Archive for November, 2011


Working with Illustrators

Copyright 2011 by Sherry Garland


Voices of the Dust Bowl

A picture book is a unique art form. Neither the  words by themselves nor the artwork by itself  will evoke the same emotions as the two combined. The two together become one of the most beautiful, moving experiences a child (or adult) can have.

I am often approached by budding picture book authors who ask the procedure for getting an illustrator for the books they are writing. From these conversations, it becomes obvious that there are several basic misconceptions by new PB authors: 1) that the author must also know how to illustrate; 2) that the author is responsible for finding an illustrator for the project before the manuscript is even submitted; 3) that the author will need to give detailed instructions to the artist, maybe even submit rough sketches; 4)that the author will have an up and personal experience working directly with the illustrator; 5) the artist just creates images from his/her head.

Here are my responses to each of these points, assuming that the picture book is being submitted to regular publishers and not being self-published.

1) No, the author does not have to also be an artist.  It does happen, of course, and some of the most famous picture book creators are both author and illustrator. The average author, however, is not also the artist.  So, do not let that be a deterrent to writing a picture book. 

2) No, the author is not responsible for finding an illustrator.  As the writer, you submit only the text for the picture book.  If the publisher agrees to publish the manuscript, the editor will be responsible for locating and hiring the illustrator. The editor has contacts with many illustrators and is usually looking for a specific style to match your words. Sometimes a manuscript is turned down by several artists for various reasons before the editor locates the right one. That is not to say that you cannot make recommendations — I do that all the time. Sometimes the editors listen to me, sometimes not. One thing you never want to do is mention that you have a friend or relative who would love to illustrate the book.  Unless that person is already a well-established, professional artist, it will make you appear very amateurish.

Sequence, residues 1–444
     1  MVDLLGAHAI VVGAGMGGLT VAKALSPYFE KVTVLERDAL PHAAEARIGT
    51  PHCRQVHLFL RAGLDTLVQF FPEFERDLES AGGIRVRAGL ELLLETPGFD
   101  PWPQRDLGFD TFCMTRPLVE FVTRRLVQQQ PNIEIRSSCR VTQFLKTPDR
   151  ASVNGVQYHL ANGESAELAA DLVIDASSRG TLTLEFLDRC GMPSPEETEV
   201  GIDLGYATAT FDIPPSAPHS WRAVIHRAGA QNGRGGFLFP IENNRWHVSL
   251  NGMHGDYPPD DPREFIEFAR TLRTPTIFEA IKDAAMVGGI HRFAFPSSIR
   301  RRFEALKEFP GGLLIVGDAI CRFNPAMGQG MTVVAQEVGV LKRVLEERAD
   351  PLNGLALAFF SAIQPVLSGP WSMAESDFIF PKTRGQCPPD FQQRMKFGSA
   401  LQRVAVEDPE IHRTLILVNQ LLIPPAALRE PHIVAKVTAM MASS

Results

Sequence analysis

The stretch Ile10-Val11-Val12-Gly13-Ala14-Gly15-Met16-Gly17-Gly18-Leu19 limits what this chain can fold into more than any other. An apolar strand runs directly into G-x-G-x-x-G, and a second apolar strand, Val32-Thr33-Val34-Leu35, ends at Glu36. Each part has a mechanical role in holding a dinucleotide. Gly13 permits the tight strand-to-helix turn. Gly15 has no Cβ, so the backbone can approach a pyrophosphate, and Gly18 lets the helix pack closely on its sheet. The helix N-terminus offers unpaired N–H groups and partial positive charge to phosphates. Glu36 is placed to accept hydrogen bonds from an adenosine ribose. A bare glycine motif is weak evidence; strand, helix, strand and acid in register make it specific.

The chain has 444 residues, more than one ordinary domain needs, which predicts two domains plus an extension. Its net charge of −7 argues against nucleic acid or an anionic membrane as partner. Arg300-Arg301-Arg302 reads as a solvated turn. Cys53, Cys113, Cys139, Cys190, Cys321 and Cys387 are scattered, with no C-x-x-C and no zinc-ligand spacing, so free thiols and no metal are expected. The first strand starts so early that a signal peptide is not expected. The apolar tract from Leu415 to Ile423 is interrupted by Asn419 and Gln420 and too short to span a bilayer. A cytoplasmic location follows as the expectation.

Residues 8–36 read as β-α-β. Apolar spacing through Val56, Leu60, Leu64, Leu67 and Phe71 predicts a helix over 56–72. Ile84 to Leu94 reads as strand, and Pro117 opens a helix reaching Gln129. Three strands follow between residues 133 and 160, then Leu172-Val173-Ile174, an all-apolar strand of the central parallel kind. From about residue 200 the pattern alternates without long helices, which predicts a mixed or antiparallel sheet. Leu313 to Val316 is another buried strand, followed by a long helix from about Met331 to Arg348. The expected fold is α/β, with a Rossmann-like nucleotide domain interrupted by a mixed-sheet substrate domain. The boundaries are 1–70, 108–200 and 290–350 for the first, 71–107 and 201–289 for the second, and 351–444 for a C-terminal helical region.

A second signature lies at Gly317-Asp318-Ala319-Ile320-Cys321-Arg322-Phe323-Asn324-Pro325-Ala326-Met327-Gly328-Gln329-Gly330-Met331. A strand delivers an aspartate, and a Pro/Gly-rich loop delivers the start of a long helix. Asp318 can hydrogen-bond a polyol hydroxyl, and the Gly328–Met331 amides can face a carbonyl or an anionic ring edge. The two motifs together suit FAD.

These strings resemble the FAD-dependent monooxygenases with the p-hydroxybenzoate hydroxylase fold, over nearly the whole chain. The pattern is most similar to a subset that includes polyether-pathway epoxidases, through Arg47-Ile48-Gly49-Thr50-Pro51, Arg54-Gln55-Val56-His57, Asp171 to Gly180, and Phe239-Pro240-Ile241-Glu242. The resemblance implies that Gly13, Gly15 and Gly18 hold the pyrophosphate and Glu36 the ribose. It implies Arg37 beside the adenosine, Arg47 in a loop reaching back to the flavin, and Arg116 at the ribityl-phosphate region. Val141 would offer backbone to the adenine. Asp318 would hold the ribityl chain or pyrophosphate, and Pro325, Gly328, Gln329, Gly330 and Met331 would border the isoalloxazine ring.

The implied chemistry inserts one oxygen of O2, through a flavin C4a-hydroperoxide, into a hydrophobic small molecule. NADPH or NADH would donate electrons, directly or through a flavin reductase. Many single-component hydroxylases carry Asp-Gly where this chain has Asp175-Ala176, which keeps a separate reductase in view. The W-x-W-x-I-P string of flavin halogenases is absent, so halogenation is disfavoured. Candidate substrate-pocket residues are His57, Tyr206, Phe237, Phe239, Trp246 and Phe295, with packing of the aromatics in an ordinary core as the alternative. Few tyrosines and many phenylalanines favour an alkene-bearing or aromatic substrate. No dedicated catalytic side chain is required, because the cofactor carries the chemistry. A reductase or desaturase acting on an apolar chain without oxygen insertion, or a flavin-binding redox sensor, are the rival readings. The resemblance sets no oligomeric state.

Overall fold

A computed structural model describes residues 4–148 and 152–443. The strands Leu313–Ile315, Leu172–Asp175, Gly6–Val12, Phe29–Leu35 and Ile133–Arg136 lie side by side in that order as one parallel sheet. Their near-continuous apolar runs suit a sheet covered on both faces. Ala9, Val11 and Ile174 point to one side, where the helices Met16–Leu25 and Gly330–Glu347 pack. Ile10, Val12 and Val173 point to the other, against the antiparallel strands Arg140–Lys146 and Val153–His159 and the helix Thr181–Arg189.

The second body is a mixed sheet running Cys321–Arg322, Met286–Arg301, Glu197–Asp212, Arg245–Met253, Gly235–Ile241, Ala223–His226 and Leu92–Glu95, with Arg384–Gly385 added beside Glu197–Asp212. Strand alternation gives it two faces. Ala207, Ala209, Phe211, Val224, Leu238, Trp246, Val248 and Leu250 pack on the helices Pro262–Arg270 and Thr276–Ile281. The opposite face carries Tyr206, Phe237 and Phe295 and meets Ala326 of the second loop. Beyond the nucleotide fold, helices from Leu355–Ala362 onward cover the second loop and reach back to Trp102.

3) No, you are not expected to turn in “rough sketches” or make suggestions for the artwork. Your text should be written in such a way that the illustrator will interpret your words in an acceptable manner. There are exceptions, of course.  For example, if you have a wordless book, then you do have to explain the context. Or, if you have a book that only has one word per page, you have to explain the “plot.” These exceptions are mostly for concept books. When the age of a character is not found in the text and if it makes a difference, it is okay to mention that.

4) No, you probably will never have a one-on-one dialog with the illustrator.  In fact, you will probably never meet the artist at all.  Of the 30 books I’ve had published, I’ve only met two of the artists in person and spoke to one on the phone long after the book was published. The editor serves as a buffer between the artist and the author. Let’s face it, both are creative types who can get emotionally attached to their ideas.  This is difficult, but you have to sit back and let the artist do his/her job. Once you see the sketches, if there is something you really disagree with, let the editor know.  She in turn will talk to the artist about making changes. In my case, many of my picture books are about other cultures or about historical events, so I do have more hands-on involvement that the average PB author.

5) Picture book illustrators are a hard-working lot. They will burn many more hours doing the artwork than you did writing the text. There are some exceptions, for example historical picture books that require many months of research, but in general your work pales in comparison to the artist’s work. Many of them use models and take photos of them to get realistic perspectives; they do tons of research to make sure the clothes, houses, trees, toys and everything imaginable are accurate. They interpret your words and bring them to life.

If you are lucky, the end creation will be a thing of beauty to all.




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